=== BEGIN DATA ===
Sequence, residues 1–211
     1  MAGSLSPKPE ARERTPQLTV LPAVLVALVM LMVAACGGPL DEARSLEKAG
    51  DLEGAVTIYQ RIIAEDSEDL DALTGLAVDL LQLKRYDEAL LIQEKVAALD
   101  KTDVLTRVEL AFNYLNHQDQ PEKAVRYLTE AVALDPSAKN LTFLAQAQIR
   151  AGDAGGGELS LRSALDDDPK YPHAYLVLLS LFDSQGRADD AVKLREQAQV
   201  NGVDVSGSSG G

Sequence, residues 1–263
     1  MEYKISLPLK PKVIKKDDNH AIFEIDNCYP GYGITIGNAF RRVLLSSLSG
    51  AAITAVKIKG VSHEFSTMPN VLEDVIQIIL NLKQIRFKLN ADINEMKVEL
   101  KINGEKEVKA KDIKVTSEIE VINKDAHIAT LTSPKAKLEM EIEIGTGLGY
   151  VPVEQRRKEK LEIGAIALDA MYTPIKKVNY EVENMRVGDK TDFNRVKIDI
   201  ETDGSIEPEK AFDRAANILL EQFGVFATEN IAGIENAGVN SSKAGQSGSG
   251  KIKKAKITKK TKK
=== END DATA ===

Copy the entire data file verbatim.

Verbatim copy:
Sequence, residues 1–211
     1  MAGSLSPKPE ARERTPQLTV LPAVLVALVM LMVAACGGPL DEARSLEKAG
    51  DLEGAVTIYQ RIIAEDSEDL DALTGLAVDL LQLKRYDEAL LIQEKVAALD
   101  KTDVLTRVEL AFNYLNHQDQ PEKAVRYLTE AVALDPSAKN LTFLAQAQIR
   151  AGDAGGGELS LRSALDDDPK YPHAYLVLLS LFDSQGRADD AVKLREQAQV
   201  NGVDVSGSSG G

Sequence, residues 1–263
     1  MEYKISLPLK PKVIKKDDNH AIFEIDNCYP GYGITIGNAF RRVLLSSLSG
    51  AAITAVKIKG VSHEFSTMPN VLEDVIQIIL NLKQIRFKLN ADINEMKVEL
   101  KINGEKEVKA KDIKVTSEIE VINKDAHIAT LTSPKAKLEM EIEIGTGLGY
   151  VPVEQRRKEK LEIGAIALDA MYTPIKKVNY EVENMRVGDK TDFNRVKIDI
   201  ETDGSIEPEK AFDRAANILL EQFGVFATEN IAGIENAGVN SSKAGQSGSG
   251  KIKKAKITKK TKK